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Curr Gastroenterol Rep. 2003 Dec;5(6):501-5.

Optimizing anti-tumor necrosis factor strategies in inflammatory bowel disease.

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Division of Gastroenterology and Hepatology, Mayo Clinic, 200 First Street SW, Rochester, MN 55905, USA.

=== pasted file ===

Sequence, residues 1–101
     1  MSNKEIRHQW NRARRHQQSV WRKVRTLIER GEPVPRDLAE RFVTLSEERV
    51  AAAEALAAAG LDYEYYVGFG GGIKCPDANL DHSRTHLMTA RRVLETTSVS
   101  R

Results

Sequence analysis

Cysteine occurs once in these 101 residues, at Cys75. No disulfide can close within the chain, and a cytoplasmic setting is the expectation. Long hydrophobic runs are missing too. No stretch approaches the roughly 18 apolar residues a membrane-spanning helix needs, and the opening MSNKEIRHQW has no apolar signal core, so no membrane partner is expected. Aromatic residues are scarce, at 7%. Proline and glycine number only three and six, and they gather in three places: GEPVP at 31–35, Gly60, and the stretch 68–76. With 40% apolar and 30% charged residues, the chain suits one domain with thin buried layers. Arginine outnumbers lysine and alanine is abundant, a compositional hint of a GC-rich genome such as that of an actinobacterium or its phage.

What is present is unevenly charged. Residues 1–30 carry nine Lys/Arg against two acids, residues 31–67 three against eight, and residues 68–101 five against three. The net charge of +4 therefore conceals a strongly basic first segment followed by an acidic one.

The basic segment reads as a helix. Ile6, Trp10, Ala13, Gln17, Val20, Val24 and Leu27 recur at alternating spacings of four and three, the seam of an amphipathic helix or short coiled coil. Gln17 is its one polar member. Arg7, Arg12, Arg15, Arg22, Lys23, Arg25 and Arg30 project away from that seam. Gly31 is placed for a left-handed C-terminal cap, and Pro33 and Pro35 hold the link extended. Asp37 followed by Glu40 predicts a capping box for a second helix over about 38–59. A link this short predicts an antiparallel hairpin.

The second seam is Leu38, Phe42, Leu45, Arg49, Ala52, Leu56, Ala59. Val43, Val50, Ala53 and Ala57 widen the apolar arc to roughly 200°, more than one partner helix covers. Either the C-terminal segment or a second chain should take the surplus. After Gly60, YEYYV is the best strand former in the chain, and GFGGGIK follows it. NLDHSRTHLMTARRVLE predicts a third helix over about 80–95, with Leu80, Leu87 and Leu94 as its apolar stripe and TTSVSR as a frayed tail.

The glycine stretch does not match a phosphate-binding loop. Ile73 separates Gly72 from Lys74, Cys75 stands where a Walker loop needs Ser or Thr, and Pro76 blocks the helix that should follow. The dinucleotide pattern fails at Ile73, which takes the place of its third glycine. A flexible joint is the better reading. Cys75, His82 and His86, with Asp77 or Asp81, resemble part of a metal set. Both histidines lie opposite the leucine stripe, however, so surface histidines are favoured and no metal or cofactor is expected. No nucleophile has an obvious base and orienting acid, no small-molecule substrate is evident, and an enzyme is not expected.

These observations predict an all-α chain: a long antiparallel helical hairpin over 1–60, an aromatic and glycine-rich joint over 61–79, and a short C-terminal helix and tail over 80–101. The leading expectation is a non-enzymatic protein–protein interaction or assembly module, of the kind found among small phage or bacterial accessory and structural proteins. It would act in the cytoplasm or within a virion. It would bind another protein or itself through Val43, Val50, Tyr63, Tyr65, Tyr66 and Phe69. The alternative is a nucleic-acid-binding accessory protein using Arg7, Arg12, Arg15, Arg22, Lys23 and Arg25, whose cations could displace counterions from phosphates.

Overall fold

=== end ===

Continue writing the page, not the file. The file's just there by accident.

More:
The introduction of infliximab, a mouse/human chimeric monoclonal antibody to tumor necrosis factor (TNF), is an important advance in the treatment of Crohn's disease. Infliximab is effective for induction and maintenance of remission in patients with inflammatory luminal and fistulizing disease. The development of human antichimeric antibodies (HACAs) has led to infusion reactions and loss of efficacy in patients treated with infliximab. Strategies to reduce the frequency of HACA formation include induction of immunologic tolerance with a three-dose regimen at 0, 2, and 6 weeks followed by systematic maintenance dosing every 8 weeks; concomitant immunosuppressive therapy with azathioprine, 6-mercaptopurine, or methotrexate; and premedication with intravenous corticosteroids. Humanized or fully human anti-TNF biotechnologic agents, including CDP571, CDP870, etanercept, adalimumab, and onercept, are theoretically less immunogenic than the chimeric antibody infliximab. Etanercept is not effective for Crohn's disease. CDP571 is not effective in unselected patients with active Crohn's disease, but it may be effective in patients with elevated C-reactive protein. The efficacy of CDP870, adalimumab, and onercept is under investigation. The different mechanisms of action of these anti-TNF agents may account for their variable efficacy. Their benefits, however, must be considered in the context of their risks, including infusion reaction; delayed hypersensitivity-like reaction; new onset of autoimmunity, with rare cases of drug-induced lupus and new-onset demyelination; and the potential for rare but serious infections.

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